Whoever said rock & roll is dead is must have never heard of The War On Drugs. The four piece (of which Kurt Vile is a former member) put on a rocking debut Harvest set, chock full of rock & roll, relying most heavily on their latest effort, 2011′s Slave Ambient.
Through frontman Adam Granduciel‘s Dylan-esque vocals and the band’s no-frills approach, the Philly rockers were able to channel elements of shoegaze, Americana, and classic rock into their too-short set, drawing comparisons to everyone from Tom Petty to My Bloody Valentine. It’s no wonder they’re so influenced by those guys.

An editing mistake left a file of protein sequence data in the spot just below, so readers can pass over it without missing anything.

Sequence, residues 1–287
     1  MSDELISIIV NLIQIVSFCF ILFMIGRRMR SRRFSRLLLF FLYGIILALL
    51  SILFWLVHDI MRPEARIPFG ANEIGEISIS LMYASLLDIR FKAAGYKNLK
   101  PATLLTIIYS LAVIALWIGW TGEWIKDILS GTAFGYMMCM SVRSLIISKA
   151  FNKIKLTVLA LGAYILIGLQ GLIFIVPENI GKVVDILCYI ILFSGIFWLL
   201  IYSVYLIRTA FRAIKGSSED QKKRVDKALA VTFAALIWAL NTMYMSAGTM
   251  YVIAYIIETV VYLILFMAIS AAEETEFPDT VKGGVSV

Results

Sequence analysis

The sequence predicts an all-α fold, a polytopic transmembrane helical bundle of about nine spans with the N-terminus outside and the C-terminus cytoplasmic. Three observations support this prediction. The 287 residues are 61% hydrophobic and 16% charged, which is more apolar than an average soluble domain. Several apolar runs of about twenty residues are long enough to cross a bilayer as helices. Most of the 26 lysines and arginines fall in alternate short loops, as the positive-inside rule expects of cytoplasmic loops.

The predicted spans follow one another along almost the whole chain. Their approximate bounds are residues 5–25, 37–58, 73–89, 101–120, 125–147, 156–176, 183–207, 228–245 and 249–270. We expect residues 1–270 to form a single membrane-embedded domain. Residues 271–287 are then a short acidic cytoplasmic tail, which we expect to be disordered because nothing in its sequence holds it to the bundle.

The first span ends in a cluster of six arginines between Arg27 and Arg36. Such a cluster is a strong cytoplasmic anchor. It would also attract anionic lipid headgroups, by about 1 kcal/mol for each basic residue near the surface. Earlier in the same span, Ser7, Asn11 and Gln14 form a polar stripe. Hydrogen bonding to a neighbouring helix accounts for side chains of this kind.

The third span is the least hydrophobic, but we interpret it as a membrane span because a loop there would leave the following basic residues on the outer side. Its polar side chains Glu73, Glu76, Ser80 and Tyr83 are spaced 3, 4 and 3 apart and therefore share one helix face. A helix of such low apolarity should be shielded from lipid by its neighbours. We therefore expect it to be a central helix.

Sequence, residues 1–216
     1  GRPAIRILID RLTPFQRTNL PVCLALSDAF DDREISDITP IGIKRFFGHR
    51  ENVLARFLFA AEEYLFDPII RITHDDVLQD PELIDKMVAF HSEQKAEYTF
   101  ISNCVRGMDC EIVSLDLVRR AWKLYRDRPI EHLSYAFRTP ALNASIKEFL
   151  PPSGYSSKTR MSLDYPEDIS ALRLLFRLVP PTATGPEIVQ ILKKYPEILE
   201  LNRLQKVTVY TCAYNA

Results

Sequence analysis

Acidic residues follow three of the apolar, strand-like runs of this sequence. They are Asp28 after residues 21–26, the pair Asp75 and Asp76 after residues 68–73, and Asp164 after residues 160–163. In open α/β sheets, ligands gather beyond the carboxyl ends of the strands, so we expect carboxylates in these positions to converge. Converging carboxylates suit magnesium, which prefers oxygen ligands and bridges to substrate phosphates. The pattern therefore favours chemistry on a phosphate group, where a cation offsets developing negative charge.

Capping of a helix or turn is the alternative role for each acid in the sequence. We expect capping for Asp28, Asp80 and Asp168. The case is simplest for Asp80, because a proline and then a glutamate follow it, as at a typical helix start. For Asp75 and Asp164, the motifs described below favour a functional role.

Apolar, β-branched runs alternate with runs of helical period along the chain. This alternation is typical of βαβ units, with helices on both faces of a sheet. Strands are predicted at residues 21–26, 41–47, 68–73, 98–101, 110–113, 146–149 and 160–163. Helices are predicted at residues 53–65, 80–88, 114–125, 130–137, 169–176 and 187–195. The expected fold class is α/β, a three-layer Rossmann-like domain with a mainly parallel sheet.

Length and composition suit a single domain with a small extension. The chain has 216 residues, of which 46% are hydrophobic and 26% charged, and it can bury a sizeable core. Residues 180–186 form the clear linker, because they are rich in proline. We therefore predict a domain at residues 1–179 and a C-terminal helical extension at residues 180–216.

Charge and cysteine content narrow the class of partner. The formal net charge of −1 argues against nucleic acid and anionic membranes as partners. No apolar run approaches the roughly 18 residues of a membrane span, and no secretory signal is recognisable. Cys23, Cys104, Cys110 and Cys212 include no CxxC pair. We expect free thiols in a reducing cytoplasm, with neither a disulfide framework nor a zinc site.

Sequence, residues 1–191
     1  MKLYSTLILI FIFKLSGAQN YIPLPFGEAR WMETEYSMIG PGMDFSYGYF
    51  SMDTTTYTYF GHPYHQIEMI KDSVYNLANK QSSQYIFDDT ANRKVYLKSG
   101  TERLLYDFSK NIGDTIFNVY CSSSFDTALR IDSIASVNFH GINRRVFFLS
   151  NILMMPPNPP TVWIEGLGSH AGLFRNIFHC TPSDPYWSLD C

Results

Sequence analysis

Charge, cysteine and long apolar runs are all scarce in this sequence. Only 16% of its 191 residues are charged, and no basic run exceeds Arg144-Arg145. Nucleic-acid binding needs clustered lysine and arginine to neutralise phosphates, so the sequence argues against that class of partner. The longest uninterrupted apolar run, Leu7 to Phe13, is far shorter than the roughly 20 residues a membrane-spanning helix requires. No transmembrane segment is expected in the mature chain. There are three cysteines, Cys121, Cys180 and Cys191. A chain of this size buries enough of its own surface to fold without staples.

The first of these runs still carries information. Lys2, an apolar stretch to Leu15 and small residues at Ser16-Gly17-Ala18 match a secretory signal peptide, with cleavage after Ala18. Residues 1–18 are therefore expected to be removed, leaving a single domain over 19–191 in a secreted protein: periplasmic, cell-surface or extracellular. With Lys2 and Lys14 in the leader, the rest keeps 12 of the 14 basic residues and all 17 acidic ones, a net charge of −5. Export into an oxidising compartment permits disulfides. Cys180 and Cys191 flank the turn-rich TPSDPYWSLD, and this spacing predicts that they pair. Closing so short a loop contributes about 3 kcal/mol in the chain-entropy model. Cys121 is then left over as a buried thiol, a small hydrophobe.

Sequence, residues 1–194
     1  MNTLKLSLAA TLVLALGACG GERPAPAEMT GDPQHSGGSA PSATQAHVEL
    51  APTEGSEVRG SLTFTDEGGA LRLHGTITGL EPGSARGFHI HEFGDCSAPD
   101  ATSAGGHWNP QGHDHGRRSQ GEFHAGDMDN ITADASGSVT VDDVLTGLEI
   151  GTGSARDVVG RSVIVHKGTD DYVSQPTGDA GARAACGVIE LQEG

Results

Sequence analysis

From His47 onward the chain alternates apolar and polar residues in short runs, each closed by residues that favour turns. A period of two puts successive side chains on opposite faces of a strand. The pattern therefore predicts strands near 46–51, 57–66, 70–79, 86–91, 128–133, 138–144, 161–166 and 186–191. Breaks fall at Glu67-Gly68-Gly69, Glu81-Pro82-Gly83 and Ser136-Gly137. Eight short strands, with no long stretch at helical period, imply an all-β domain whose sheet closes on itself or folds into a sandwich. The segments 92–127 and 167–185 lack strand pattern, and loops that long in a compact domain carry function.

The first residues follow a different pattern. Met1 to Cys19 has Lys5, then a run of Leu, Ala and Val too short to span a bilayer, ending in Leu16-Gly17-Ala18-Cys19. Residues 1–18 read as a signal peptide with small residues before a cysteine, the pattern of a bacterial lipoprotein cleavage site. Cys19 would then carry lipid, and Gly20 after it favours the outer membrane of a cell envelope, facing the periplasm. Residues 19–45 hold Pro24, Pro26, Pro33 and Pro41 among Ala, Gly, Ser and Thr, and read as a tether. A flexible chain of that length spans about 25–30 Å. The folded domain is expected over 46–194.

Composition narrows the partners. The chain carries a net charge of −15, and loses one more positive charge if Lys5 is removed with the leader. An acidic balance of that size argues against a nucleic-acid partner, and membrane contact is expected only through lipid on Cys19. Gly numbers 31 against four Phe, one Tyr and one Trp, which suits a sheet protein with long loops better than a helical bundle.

“Brothers” had a chilled out vibe that had Granduciel channeling a bit of Lou Reed from his Velvet Underground days. “Baby Missiles” was a much more uptempo number, and “Come To The City” showed some aspects of shoegaze and psychedelia. The band has this way of taking all different elements of some of the most incredible music and fusing them together to create a sound that’s uniquely their own.